In addition, a range of equipment is continually adapted or developed for the marine sector and the sea-based transport of LNG – spanning liquefaction, storage and through to delivery. Cryogenic valves are essential in this business and a number of companies continue to expand their offering for LNG applications, while technologies for small-scale LNG plants and liquefaction processes to vehicle fuelling systems are constantly evolving. Even plate fin heat exchangers, which might otherwise be thought of as pivotal only to air separation operations, are a fundamental component for many modular mid-scale natural gas plants and nitrogen rejection units. Chart is particularly active in this space, developing units for these applications.

Among some of the new products developed for the LNG sector of late are storage tanks, reliquefaction plants, dispensers and LNG pumping technology. CIMC Enric recently completed a one-year trial of new 40ft LNG containers for intermodal transportation, the aim of which is to upgrade transportation logistics on a global scale and eliminate the huge investments and long lead times associated with LNG carriers and infrastructure on LNG terminals.

Cryostar has been busy in the development of LNG distribution of late, introducing the EcoRel reliquefaction plant which utilises nitrogen as a refrigerant fluid and has already been delivered for 18 vessels including the world’s largest 266,000 m3 Q-Max class LNG carriers. Cryostar has also very recently unveiled a new dispenser it is simply calling ‘2.0’. As explained in our equipment profile this month (see link, right), the 2.0 dispenser is both user friendly and automated, and boasts a new coriolis flow meter and electronic calculator validated for weights and measures approval according to the European Union’s Measuring Instruments  Directive (MID).

LNG in the transport space continues to advance and investment in dual-fuel (LNG and diesel-powered) truck technologies proliferates upon the completion of successful trials. Dual-fuel is an innovative technology that allows natural gas to be used in conjunction with diesel, reducing the total consumption of diesel and cutting carbon dioxide (CO2) emissions. LNG typically accounts for up to 60% of total fuel consumption for a dual-fuel vehicle.

Finally, the Industrial Gas Project House (IGPH) – a cooperative of specialist companies comprising iGAS Technology Solutions, Filltech GMBH, Aeroflex, Krytem, and m-tech gmbh – has revealed a breakthrough in LNG pumping technology in the past 12 months with the development of fully certified 350 bar LNG pumping technology. The company revealed the innovation amongst a raft of progressive cylinder filling technology announcements in late 2015.

LNG distribution

Source: Bomin Linde LNG

Conclusion

So what is the industrial gas view of the LNG business in 2016? The view has changed considerably in the last 1-2 years, largely linked to the fluctuating energy markets and the crash in oil prices in particular, the latter having impacted the economies of LNG.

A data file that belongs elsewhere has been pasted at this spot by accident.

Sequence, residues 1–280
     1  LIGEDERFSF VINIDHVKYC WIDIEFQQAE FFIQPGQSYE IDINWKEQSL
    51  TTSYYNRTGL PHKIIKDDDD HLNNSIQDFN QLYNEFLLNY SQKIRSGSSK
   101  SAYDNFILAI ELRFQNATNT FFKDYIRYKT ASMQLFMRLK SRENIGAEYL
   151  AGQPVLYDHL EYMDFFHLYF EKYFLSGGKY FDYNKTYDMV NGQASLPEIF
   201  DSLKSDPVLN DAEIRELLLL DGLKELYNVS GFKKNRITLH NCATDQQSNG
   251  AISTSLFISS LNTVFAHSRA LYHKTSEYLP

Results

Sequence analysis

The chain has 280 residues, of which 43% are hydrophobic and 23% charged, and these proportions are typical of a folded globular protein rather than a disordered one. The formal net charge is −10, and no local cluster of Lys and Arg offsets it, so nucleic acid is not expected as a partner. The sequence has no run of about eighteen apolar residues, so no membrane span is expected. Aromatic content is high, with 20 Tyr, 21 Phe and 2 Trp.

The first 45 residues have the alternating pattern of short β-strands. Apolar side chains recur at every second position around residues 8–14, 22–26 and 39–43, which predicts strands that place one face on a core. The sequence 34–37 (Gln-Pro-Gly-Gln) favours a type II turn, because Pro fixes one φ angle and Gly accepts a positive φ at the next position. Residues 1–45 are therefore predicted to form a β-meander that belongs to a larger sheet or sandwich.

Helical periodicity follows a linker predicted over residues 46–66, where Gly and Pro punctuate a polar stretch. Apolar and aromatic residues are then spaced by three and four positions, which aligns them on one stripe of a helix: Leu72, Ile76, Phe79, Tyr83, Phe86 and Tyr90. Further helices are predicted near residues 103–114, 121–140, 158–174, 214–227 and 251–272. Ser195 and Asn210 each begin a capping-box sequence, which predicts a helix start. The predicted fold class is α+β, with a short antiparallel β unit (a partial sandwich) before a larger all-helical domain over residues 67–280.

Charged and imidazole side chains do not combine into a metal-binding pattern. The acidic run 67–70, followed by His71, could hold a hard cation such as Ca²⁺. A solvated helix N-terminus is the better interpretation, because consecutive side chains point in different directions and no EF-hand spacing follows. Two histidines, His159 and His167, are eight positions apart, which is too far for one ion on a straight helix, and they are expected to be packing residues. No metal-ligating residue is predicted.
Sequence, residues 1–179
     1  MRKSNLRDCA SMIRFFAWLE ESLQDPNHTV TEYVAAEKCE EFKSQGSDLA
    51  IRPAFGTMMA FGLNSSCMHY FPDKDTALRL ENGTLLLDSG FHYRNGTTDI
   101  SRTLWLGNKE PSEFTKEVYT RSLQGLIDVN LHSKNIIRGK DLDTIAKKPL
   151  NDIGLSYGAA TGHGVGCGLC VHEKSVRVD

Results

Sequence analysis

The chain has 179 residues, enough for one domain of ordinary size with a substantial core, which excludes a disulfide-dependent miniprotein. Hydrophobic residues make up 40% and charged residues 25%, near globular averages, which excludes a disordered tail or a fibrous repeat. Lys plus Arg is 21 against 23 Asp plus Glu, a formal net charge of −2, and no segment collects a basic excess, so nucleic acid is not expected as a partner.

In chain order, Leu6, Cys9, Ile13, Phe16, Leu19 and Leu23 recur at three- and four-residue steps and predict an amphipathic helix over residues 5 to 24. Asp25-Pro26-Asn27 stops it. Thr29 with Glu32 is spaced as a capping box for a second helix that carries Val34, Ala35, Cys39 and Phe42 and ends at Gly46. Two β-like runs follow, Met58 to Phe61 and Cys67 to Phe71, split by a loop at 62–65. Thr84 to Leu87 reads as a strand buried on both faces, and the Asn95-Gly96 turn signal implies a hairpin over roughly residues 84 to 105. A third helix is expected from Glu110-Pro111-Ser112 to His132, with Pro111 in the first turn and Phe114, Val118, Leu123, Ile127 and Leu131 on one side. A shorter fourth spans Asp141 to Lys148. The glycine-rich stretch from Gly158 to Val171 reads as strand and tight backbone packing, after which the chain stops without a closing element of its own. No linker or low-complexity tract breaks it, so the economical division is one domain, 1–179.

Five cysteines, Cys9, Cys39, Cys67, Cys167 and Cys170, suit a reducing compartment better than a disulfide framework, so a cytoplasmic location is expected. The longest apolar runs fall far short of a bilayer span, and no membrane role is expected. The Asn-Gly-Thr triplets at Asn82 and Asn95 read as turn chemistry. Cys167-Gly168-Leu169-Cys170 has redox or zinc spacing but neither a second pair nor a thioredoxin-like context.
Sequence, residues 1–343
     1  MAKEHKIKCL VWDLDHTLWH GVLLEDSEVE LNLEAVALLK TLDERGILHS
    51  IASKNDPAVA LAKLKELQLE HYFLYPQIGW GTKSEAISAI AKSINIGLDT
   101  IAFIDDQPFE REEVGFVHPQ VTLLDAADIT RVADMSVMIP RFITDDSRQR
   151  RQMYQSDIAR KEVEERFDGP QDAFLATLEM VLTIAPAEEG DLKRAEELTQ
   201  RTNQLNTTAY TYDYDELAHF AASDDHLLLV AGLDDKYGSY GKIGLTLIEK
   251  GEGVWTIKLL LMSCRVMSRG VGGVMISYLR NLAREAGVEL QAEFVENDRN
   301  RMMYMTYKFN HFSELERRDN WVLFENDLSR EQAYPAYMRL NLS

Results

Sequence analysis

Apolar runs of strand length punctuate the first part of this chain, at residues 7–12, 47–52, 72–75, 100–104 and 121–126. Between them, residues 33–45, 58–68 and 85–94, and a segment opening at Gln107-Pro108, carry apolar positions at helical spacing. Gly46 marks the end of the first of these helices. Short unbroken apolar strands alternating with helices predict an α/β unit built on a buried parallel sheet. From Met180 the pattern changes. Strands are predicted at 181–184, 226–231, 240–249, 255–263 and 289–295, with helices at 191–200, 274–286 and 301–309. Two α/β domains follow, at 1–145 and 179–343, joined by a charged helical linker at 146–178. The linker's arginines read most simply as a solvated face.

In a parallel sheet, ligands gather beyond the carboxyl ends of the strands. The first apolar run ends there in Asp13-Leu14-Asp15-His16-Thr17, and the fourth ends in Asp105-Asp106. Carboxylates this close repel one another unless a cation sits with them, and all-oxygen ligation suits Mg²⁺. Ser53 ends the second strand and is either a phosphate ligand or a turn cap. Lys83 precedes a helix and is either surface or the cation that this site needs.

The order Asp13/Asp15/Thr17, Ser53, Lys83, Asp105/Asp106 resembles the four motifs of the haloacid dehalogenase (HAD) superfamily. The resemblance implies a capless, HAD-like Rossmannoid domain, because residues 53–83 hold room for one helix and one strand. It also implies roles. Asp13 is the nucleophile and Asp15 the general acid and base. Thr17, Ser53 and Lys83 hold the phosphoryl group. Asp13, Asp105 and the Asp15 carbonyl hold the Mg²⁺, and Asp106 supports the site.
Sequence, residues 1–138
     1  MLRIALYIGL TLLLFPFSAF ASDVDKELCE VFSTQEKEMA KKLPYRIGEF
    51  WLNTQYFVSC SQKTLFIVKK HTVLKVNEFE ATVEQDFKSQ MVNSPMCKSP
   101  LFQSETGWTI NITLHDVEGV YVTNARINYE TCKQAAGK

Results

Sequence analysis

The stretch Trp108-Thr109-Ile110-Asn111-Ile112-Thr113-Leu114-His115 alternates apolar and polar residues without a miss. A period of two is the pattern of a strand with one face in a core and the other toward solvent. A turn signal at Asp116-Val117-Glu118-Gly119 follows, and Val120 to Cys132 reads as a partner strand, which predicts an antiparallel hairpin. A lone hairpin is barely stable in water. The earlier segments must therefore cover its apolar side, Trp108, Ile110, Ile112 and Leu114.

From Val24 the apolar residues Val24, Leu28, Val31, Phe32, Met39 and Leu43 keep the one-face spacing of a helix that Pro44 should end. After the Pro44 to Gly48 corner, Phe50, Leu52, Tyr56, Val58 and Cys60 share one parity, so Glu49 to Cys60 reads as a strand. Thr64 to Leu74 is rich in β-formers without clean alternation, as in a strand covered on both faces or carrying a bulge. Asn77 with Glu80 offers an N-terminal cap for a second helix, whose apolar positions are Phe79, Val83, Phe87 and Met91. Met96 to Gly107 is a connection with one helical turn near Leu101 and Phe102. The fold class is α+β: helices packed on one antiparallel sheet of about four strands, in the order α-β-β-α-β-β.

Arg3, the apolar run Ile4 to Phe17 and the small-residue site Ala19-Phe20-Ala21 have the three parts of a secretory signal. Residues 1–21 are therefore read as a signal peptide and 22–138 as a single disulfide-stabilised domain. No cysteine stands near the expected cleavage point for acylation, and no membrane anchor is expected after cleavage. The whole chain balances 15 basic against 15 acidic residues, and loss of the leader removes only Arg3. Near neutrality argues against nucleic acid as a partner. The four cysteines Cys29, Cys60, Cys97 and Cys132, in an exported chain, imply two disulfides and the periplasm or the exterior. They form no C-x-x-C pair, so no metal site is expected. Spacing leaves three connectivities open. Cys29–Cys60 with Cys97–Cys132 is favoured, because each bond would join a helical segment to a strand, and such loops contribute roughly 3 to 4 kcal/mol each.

There are various examples of this in the gases industry, with various companies feeling the effects and some notable consequences on balance sheets. But a very visual example might be seen at Air Products’ Port Manatee manufacturing facility in Florida. In January 2014, having increased its active role in the growing US LNG export market and seen demand for its LNG technology soar, Air Products dedicated a second US LNG manufacturing  facility in Port Manatee, Florida – doubling the company’s capacity for its world-leading technology and, more specifically, its larger LNG heat exchangers. But two-and-a-half years later, and Air Products was reportedly forced to lay off an estimated 30 full-time employees from its Port Manatee facility, citing the drop in worldwide orders for LNG equipment manufacture.

So is the LNG business dead, in the US or otherwise? It would be easy to think so. The market is crunched, and clearly not what it was two years ago. Various examples exist to affirm this and the industrial gas and equipment has in many ways paid the price. Yet those same dynamics that once propelled LNG to the forefront of industrial gas community thinking just a couple of years ago still remain, and there is little doubt that the long-term curve for this business is one that is upwards in nature.

Indeed, CIMC Enric believes that with the price of imported LNG on the decline, LNG in China is now much more competitive than ever before. And in a huge region like the US, LNG stations are still under construction along interstate highways to support the nation’s long-haul trucking operators. Fluctuations in related energy markets are just that, fluctuations – the long-term outlook for LNG is one of strong growth. As one industry insider told gasworld earlier this year, LNG is here to stay.